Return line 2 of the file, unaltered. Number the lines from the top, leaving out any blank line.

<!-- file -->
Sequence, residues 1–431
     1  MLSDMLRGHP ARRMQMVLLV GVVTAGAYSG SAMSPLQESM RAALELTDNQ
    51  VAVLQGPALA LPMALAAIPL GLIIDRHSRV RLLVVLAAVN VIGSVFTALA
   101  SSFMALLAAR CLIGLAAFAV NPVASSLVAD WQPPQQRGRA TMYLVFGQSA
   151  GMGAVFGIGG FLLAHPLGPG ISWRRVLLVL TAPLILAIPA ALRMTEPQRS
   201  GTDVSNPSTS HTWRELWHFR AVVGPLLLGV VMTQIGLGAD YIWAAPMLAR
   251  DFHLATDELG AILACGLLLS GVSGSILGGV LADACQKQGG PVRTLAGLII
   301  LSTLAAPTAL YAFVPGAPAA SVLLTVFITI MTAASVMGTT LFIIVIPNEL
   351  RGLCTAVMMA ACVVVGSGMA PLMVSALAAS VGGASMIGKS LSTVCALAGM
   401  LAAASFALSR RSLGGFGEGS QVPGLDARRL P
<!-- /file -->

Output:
     1  MLSDMLRGHP ARRMQMVLLV GVVTAGAYSG SAMSPLQESM RAALELTDNQ